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How do franking credits work?

Franking credits are a kind of tax credit that allows Australian companies to pass on the tax paid at company level to shareholders.

Franking credits can reduce the income tax paid on dividends or potentially be received as a tax refund.

Where a company distributes fully franked dividends (and those dividends are included in the taxable income of the taxpayer) the taxpayer can claim a credit against their taxable income for the tax that has already been paid by the company from which the dividend was paid.

For example, an individual who owns shares in a company receives a fully franked dividend of $700 from the company. The dividend statement says that there is a franking credit of $300 (the tax the company has already paid). This means the dividend would have been $1,000 ($700 + $300) before company tax was deducted.

At the end of the financial year, the individual must declare $1,000 (the $700 dividend + the $300 franking credit) in their taxable income.

If the individual’s marginal tax rate was 15 per cent, they would have to pay $150 tax on the dividend. But because the company has already paid $300 in tax, the individual receives a refund of the difference, which is $150.

If the individual was in a higher tax bracket, they may not have been entitled to a refund of any of the franking credit, and may even have had to pay additional tax. However, if they are a low-income earner, it is possible to be refunded the full amount of the franking credit.

Posted on 17 February '16 by , under Tax.

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Self-managed super funds (SMSF) aren’t just about financial investment

Individuals may be looking to opt for an SMSF because these provide entire control over where the money is invested. While this sounds enticing, the downside is that they involve a lot more time and effort as all investment is managed by the members/trustees.

Firstly, SMSFs require a lot of on-going investment of time:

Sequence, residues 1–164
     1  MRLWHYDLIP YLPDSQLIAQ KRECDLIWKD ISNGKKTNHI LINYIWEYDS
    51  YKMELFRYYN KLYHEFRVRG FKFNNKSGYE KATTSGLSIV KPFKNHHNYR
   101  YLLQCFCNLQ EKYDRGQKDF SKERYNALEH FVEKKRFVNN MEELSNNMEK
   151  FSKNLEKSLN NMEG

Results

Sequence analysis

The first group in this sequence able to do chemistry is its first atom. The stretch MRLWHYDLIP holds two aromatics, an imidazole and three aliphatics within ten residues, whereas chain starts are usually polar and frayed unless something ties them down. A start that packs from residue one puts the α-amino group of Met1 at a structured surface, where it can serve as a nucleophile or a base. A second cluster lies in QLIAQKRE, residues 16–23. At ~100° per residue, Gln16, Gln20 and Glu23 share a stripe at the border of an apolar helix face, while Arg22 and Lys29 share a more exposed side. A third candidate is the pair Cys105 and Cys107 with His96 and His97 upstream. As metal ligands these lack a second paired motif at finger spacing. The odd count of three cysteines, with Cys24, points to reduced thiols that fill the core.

• Aside from the initial set-up, members need to continually research potential investments.
  • It is important to create and follow an investment strategy that will help manage the SMSF – but this will need to be updated regularly depending on the performance of the SMSF.
  • The accounting, record keeping and arranging of audits throughout the year and every year also need to be conducted up to par.

Data shows that SMSF trustees spend an average of 8 hours per month managing their SMSFs. This adds up to more than 100 hours per year and demonstrates that compared to other superannuation methods, is a lot more time occupying.

Secondly, there are set-up and maintenance costs of SMSFs such as tax advice, financial advice, legal advice and hiring an accredited auditor. These costs are difficult to avoid if you want the best out of your SMSF. A statistical review has shown that on average, the operating cost of an SMSF is $6,152. This data is inclusive of deductible and non-deductible expenses such as auditor fee, management and administration expenses etc., but not inclusive of costs such as investment and insurance expenses.

Thirdly, investing in SMSF requires financial and legal knowledge and skill. Trustees should understand the investment market so that they can build and manage a diversified portfolio. Further, when creating an investment strategy, it is important to assess the risk and plan ahead for retirement, which can be difficult if one is not equipped with the necessary knowledge. In terms of legal knowledge, complying with tax, super and other relevant regulations requires a basic level of understanding at the very least. Finally, insurance for fund members also needs to be organised which can be difficult without additional knowledge.
Although SMSFs have the advantage of autonomy when it comes to investing, this comes at a price. Members/trustees need to invest time and money into managing the fund and on top of this, are required to have some financial and legal knowledge to successfully manage the fund.

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